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anonymous
 one year ago
I'm stuck on how to start this one problem. I am told the following: "A man walks at 5 km/h in the direction of a 20km/h wind. Raindrops fall vertically at 6.6 km/h in still air. Determine the direction in which the drops appear to fall with respect to the man, measured clockwise from the direction of the wind." I know that for velocity comparisons, v_b = v_a + v_(b/a), but I don't know how to apply this logic for three different velocities in two different directions. Can someone please help me?
anonymous
 one year ago
I'm stuck on how to start this one problem. I am told the following: "A man walks at 5 km/h in the direction of a 20km/h wind. Raindrops fall vertically at 6.6 km/h in still air. Determine the direction in which the drops appear to fall with respect to the man, measured clockwise from the direction of the wind." I know that for velocity comparisons, v_b = v_a + v_(b/a), but I don't know how to apply this logic for three different velocities in two different directions. Can someone please help me?

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anonymous
 one year ago
Best ResponseYou've already chosen the best response.0And before anyone else says it, I know this question would be better suited for the physics and engineering sections, but from my experience, nobody ever seems to check those for questions, so here I am.

anonymous
 one year ago
Best ResponseYou've already chosen the best response.0@Shalante , I notice you're reading my question. Could you perchance be able to help me out?

anonymous
 one year ago
Best ResponseYou've already chosen the best response.0Nevermind, just saw your message. Will wait for further instruction.

anonymous
 one year ago
Best ResponseYou've already chosen the best response.0Again, not looking for answers, here. Just want an idea of how to approach this.

triciaal
 one year ago
Best ResponseYou've already chosen the best response.1dw:1443676636690:dw

triciaal
 one year ago
Best ResponseYou've already chosen the best response.1vertical angles are equal  tan theta =  tan ^1 (6.6/20)

triciaal
 one year ago
Best ResponseYou've already chosen the best response.1do you have answer choices?

anonymous
 one year ago
Best ResponseYou've already chosen the best response.0No, just a set number of attempts.

triciaal
 one year ago
Best ResponseYou've already chosen the best response.1do you have an idea what my sketch is?

anonymous
 one year ago
Best ResponseYou've already chosen the best response.0From what I can tell, you've gor the speed of the man (6.6 km/h), and some arrow as (20 km/hr). Not sure where you got 20 from though. Also, tan^1(6.6/20) is incorrect.

triciaal
 one year ago
Best ResponseYou've already chosen the best response.1dw:1443677500413:dw

triciaal
 one year ago
Best ResponseYou've already chosen the best response.1you skipped the leading minus

triciaal
 one year ago
Best ResponseYou've already chosen the best response.1it said measured clockwise

anonymous
 one year ago
Best ResponseYou've already chosen the best response.0Shalante said they figured it out. Hold please,

triciaal
 one year ago
Best ResponseYou've already chosen the best response.1@dan815 what is your take on this?

anonymous
 one year ago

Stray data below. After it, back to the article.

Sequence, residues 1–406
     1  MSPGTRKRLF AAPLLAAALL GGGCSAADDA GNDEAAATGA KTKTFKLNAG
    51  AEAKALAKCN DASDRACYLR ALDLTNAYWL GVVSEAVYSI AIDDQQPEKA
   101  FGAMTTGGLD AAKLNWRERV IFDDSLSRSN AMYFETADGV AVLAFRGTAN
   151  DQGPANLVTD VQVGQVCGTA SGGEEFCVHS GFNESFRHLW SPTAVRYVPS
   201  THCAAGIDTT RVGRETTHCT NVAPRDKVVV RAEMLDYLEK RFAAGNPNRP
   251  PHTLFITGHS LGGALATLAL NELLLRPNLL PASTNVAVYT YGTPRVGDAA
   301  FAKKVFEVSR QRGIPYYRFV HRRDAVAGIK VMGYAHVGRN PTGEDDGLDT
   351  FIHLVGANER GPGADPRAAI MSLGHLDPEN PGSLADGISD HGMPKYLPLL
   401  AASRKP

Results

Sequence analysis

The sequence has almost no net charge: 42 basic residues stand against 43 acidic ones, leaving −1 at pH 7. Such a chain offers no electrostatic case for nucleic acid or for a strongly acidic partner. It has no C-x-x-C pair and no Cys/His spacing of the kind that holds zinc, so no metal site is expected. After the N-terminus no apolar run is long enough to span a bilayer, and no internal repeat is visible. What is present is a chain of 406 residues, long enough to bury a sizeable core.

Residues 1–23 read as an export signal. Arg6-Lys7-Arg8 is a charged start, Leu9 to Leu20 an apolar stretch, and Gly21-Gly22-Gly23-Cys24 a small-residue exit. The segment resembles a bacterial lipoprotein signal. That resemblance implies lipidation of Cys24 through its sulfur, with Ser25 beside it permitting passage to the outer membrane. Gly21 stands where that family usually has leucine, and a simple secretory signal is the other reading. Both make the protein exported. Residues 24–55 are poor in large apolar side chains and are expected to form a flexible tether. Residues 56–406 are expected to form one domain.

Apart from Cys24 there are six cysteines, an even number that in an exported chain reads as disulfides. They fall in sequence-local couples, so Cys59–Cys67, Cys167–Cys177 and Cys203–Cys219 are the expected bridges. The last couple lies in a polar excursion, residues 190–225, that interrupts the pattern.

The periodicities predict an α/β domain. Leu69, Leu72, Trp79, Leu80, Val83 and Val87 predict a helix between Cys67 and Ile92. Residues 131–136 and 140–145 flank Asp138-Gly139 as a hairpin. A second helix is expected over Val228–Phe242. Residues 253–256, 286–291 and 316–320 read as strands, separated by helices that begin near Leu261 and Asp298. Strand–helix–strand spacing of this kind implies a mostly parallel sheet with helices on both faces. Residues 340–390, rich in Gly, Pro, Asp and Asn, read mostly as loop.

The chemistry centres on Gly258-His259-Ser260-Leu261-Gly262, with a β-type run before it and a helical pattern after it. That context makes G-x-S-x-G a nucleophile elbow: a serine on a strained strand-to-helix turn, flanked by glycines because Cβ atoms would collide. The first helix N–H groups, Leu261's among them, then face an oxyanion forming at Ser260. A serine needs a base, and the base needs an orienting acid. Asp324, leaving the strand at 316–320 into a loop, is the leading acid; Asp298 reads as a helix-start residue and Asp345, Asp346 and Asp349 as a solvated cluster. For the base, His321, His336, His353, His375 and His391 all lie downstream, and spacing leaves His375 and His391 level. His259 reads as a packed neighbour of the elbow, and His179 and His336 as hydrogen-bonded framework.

Best ResponseYou've already chosen the best response.0If two objects are traveling at the same direction, then the relative velocity is the difference between those two. The wind would think the man is traveling 15km/h slower. The man would think the wind is traveling 15km/h faster. With respect to is using the man as a reference. dw:1443677931462:dw So relative velocity of man 15km/h Relative velocity of wind would be 15km/h \[\tan^{1} \frac{ opposite }{ adjacent }=\tan^{1} \frac{ 6.6 }{ 15 }=\] 23.74 degrees

anonymous
 one year ago
Best ResponseYou've already chosen the best response.0By the way, I am pretty active in the physics section, but not engineering though.

anonymous
 one year ago
Best ResponseYou've already chosen the best response.0If two objects are traveling in opposite we would add them up. Just like how cars move very fast in opposite direction.

anonymous
 one year ago
Best ResponseYou've already chosen the best response.0Where'd you get 20 from though, when you were finding the difference? That's the only thing I don't get at this point. I get choosing the man as your reference point, but why'd you subtract 5 from 20? Where did 20 km/hr come from?

anonymous
 one year ago
Best ResponseYou've already chosen the best response.0Wait, nevermind. I just realized my mistake.

triciaal
 one year ago
Best ResponseYou've already chosen the best response.1@Shalante thanks I forgot to adjust for the man's velocity @The_Silent_One the raindrop (vertical) was 6.6 the wind was 20

anonymous
 one year ago
Best ResponseYou've already chosen the best response.0I wrote the wrong value for that variable on my physical paper, so no wonder I've been getting this wrong.

anonymous
 one year ago
Best ResponseYou've already chosen the best response.0No problem! I got the angles messed up earlier. I forgot to read that it was respect to man, so the angle is toward the x component. I did this earlier dw:1443678723277:dw Thats why my first answer was wrong.

anonymous
 one year ago
Best ResponseYou've already chosen the best response.0Okay, that makes sense. Thanks for helping me out! I gave you a medal for your explanation. I'm going to close this question now and get some sleep.

anonymous
 one year ago
Best ResponseYou've already chosen the best response.0Yea, no problem. Solving another difficult physics question right now.

anonymous
 one year ago
Best ResponseYou've already chosen the best response.0Thanks for the medals
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